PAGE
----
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Emerging Asia should learn from Japan's demographic experience

High-growth era has left demographic problems Tokyo has not handled well

| Japan
The longer countries procrastinate, the bigger the challenge becomes.   © Reuters

Countries in Asia which have industrialized are often described as "flying geese," taking off around the region like the birds -- in waves. It started in Japan, with its average growth of 10% between the mid-1950s and early 1970s, before spreading to the Four Dragons -- Hong Kong, South Korea, Taiwan and Singapore. The South East Asian countries followed, then China -- last and certainly not least.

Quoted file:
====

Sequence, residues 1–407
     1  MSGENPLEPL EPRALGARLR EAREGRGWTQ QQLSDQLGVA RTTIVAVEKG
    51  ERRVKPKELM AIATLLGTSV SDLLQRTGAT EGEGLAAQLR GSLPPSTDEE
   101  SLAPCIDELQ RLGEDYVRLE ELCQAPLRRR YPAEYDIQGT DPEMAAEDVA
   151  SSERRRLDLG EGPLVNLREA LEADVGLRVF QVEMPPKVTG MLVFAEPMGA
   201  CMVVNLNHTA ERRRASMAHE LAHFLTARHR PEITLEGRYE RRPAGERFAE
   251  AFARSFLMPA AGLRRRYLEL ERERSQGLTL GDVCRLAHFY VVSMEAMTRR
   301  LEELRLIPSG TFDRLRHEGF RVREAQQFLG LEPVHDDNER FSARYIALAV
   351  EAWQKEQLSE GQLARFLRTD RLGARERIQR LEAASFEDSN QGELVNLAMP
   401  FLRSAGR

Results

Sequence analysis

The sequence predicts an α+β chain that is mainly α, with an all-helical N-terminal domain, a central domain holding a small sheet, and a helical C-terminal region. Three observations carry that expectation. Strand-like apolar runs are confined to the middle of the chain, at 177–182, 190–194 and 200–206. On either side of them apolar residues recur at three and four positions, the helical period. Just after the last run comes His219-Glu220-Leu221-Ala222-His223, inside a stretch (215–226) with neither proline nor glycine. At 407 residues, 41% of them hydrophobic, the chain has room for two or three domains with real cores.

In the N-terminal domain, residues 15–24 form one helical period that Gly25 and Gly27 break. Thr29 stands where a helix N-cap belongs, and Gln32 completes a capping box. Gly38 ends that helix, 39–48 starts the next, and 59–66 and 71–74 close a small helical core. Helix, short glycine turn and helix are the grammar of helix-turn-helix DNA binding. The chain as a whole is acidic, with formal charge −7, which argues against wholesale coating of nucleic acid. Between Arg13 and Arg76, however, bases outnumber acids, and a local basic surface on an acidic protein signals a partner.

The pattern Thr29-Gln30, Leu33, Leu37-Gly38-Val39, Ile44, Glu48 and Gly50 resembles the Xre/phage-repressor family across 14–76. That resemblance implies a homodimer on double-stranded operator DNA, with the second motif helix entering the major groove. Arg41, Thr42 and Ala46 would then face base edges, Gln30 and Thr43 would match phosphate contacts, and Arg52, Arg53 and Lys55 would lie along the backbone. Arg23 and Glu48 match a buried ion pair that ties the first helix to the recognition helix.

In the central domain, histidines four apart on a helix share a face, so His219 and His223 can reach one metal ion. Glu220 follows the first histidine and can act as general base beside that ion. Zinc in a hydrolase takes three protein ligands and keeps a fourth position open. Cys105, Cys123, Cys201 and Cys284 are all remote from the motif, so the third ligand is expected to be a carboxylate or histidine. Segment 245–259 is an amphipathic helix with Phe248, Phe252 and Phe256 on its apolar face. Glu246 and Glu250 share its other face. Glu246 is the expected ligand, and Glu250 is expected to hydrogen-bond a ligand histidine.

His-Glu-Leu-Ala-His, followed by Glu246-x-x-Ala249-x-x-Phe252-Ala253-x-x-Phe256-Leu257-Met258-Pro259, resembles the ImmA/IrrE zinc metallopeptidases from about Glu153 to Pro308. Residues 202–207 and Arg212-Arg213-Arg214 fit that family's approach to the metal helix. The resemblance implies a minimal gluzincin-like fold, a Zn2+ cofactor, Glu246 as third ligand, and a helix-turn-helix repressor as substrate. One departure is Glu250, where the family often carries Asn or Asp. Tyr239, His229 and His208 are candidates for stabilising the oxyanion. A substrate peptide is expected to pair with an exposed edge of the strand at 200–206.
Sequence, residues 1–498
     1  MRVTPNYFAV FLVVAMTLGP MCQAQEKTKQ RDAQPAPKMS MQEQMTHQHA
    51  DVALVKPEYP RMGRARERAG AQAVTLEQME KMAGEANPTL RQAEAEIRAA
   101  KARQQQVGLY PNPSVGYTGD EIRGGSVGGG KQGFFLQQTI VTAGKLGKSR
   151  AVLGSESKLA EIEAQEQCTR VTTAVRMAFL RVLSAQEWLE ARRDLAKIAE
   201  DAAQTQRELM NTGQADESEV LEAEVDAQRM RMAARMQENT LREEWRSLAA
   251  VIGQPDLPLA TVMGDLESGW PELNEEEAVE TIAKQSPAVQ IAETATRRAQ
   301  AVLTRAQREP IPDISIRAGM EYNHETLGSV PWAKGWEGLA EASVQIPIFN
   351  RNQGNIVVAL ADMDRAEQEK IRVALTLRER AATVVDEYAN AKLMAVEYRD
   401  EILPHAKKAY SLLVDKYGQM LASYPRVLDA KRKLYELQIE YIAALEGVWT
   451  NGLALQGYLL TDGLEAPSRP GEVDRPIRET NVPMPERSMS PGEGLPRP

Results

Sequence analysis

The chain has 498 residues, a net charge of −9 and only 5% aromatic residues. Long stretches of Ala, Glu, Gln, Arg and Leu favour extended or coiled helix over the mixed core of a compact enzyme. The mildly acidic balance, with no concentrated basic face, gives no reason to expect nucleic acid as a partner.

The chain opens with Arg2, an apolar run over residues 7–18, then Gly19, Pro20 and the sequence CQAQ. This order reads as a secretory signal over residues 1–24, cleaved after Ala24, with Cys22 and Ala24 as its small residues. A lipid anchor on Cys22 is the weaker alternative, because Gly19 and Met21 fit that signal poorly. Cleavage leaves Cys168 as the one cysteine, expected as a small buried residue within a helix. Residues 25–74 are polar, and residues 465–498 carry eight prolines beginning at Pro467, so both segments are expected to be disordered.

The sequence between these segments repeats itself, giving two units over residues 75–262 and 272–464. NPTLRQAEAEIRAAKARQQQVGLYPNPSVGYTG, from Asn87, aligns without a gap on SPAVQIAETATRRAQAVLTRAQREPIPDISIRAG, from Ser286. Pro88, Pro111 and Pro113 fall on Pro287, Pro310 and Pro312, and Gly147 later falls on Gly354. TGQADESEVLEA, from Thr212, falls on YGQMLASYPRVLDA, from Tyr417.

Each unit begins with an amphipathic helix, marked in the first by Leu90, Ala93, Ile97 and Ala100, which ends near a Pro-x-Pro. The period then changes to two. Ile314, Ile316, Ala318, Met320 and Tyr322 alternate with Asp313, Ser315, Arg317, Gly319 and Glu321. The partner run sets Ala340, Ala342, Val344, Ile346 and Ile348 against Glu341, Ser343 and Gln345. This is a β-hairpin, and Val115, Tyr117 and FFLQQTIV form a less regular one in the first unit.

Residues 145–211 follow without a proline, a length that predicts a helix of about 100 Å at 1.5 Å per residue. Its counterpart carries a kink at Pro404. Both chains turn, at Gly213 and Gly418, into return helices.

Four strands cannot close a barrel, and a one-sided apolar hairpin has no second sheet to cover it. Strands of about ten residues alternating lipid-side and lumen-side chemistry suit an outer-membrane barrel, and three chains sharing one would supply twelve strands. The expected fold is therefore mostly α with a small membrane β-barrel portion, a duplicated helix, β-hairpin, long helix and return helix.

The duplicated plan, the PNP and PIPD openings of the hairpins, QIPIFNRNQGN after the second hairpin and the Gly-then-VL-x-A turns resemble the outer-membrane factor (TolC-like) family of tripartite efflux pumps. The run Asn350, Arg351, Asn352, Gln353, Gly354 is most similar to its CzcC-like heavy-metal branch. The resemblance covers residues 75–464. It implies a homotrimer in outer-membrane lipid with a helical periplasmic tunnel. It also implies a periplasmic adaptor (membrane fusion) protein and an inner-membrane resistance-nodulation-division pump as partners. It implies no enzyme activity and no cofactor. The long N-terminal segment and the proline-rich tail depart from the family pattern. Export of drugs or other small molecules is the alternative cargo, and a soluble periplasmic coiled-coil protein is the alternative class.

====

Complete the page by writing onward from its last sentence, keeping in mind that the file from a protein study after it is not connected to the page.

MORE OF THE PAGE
Such economic success, however, has carried with it intractable demographic challenges -- a low birthrate and rapid aging. The cost of raising children grew, medical services improved and social security provided a safety net, leading people to want fewer offspring. Again, Japan has led the way -- and there are lessons here for the rest of the geese.

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